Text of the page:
For years, we’ve been getting laptops that simply aren’t as powerful as desktops but we’ve got two new surprises this year. Maybe we’ll talk about the other one later, but the one we want to talk about here is the Vega. NVidia beat AMD to this punch, but not quite like AMD may do this year. The GTX 10 series have been out for some time and have only very recently incorporated themselves into laptops of which we can thank the VR industry for. AMD is not only planning to release their Vega on desktops but also on laptops later on in the same year. Unlike NVidia, AMD strives for the consumer gamer and knew they needed a powerful graphics card that could compete with NVidia at a lower price point. This was why their 8-core Ryzen was only $500 and why consumers expect Vega to follow the same pricing pattern. However, AMD doesn’t provide a direct graphics card like NVidia and, instead, goes with the APU design.
The APU design is mind boggling and difficult to understand, even as a developer. Truth be told, unless the overall system has been designed to take advantage of it, it doesn’t boost the speed of information by very much. However, if I am bringing up Vega as a topic but APU’s aren’t powerful unless specifically designed for it, why am I bringing it up? The APU is both a CPU and a GPU without the bottleneck experience that comes from having them as separated units. The APU was designed once someone at AMD noticed just how much information is handled by the GPU in comparison to the CPU.
CPU multi-thread performance really only comes into play when you are talking about linear programs that have tasks that need to happen concurrently. Most games are built to be a single linear task with the only need for CPU being in the A.I. and file load departments, but mainly the A.I. Most games are single-core or duo-core processor based games. I mean, think about the innards of a game really. The behind-the-scenes code hasn’t changed very much beyond graphics and targets. Let’s look at game environments. The GPU handles geometry, which means all the visual assets in the game a run by the GPU. The CPU handles A.I. and Physics, but GPU handles coordinate calculations so moving characters are handled by the GPU still with some extra information by the CPU. Unless you’re dealing with a game like Watchdogs or GTA V, you normally don’t have a lot of A.I. assets to load in and continuously monitor. This is why you see that you need a minimum of a Quad-core in most cases, but almost always need a last year graphics card for the most part.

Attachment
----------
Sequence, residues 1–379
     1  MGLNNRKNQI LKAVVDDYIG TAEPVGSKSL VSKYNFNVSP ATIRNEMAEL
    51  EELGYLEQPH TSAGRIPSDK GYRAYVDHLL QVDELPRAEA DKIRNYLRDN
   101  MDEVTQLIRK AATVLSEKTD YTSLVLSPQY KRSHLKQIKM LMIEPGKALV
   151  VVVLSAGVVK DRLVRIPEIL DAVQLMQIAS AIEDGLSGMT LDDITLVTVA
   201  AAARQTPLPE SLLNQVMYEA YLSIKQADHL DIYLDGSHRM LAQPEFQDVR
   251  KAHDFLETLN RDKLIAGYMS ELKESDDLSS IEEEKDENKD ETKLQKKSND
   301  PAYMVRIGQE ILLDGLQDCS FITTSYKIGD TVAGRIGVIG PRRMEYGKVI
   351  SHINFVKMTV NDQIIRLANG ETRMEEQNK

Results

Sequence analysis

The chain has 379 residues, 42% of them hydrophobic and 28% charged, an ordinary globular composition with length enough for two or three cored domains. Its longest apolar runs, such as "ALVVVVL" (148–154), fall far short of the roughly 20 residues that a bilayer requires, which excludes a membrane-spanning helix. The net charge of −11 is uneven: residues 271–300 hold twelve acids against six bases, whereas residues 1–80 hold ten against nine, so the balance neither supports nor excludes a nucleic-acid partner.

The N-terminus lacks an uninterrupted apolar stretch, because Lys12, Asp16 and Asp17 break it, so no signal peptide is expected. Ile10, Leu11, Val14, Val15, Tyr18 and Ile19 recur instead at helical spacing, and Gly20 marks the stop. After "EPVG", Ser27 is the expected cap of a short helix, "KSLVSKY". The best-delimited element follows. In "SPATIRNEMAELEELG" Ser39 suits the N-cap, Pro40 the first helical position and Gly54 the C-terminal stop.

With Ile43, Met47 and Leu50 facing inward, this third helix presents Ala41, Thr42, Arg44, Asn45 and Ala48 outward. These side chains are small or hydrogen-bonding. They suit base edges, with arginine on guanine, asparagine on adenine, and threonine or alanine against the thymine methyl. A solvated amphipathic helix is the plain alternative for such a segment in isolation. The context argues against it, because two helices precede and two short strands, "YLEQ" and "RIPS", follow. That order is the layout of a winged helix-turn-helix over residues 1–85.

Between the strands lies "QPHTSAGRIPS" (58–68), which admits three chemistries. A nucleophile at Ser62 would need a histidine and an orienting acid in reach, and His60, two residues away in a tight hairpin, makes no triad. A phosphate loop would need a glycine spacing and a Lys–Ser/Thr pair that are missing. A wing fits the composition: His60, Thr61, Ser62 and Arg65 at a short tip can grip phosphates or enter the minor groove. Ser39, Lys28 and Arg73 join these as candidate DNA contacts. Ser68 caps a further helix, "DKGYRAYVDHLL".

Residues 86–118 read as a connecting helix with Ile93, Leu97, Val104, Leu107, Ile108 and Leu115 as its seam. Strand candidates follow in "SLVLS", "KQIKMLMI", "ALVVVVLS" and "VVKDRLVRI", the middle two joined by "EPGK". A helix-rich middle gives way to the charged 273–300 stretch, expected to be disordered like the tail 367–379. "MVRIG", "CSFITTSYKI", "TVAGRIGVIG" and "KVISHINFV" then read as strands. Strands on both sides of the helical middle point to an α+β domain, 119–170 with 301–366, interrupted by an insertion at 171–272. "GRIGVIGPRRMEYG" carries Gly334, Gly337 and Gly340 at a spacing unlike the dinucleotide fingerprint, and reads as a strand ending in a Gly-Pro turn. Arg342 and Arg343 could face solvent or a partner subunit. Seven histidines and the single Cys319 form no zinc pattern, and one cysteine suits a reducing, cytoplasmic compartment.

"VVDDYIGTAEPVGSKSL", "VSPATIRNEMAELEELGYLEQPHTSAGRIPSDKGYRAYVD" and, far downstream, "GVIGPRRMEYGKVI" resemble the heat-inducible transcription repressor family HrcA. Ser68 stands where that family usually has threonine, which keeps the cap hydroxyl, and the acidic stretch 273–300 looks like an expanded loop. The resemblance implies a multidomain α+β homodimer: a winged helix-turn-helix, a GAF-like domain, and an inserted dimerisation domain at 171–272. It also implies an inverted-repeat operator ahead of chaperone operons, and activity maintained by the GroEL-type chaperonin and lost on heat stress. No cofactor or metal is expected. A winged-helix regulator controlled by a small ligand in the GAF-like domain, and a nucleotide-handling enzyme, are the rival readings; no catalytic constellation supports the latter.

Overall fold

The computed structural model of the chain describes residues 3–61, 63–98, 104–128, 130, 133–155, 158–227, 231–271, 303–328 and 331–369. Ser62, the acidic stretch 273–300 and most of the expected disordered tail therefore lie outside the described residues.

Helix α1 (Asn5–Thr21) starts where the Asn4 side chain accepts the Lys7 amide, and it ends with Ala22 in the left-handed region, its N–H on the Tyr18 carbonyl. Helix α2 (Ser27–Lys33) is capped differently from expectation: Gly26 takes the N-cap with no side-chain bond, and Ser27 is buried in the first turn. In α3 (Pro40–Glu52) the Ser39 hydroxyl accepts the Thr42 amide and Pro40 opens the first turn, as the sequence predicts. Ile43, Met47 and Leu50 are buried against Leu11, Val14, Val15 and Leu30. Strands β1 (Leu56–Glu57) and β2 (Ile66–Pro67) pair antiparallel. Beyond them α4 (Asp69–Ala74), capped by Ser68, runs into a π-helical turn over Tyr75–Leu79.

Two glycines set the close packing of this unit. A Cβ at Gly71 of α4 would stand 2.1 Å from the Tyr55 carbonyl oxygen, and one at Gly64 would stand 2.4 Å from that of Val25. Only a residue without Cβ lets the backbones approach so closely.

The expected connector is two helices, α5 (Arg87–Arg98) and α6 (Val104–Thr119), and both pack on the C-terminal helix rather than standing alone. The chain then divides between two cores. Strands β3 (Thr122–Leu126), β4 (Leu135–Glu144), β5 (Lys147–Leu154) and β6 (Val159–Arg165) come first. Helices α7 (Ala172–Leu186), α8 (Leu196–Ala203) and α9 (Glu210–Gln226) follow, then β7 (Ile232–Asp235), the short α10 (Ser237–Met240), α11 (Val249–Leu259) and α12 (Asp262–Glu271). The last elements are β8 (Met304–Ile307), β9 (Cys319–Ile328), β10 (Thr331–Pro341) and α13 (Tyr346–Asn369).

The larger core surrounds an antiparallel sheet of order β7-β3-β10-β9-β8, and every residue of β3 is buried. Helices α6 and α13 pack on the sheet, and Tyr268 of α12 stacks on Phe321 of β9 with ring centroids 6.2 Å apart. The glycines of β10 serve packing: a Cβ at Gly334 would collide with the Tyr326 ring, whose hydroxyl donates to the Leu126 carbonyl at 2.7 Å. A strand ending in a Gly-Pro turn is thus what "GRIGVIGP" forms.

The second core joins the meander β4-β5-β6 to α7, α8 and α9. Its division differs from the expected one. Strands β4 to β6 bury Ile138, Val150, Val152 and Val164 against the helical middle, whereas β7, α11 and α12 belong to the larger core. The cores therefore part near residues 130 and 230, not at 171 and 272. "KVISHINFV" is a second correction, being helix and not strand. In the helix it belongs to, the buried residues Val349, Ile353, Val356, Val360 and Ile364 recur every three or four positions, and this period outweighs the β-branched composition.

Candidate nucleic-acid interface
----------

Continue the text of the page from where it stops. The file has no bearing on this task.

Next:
APU’s can handle putting on the Quad-core because AMD normally builds Octo-cores on a single processor, which means putting four cores on a single processor is a breeze. Now it has room to put a ton of GPU cores, a total of eight on their newest APU model. That model has an R7 Radeon card with a total of 512 shader cores. That’s not really impressive at all, but if you remember, the R7 series is a much older model than the R9 and RX series we currently deal with. That is why the potential APU mix of a Vega with a Ryzen is a massive deal that a few people are picking up on.
Why have APUs kinda sucked?
Honestly, it’s because of RAM that these APU’s haven’t made a more pronounced name for themselves. That is why AMD created the HBM, which handles memory three times better than our previous DDR5 memory. The APU’s have been working with DDR3 and DDR4 respectively this entire time. Therefore, not only has the GPU on APU’s been from way in the past, but it has also had to endure against much slower memory speeds as well. This combines into a mixture of slowness that means you simply can’t handle the best of the best.
How will Vega be different?
That’s where the combination of Vega and Ryzen is mindblowing. The APU for Vega uses HBM, which means not only will this APU have one of the fastest GPUs on the market but it will also utilize one of the fastest RAM methods currently available. This type of APU could easily blow all APUs of the past into virtual nonexistence.
The Laptop VR World Forever Changed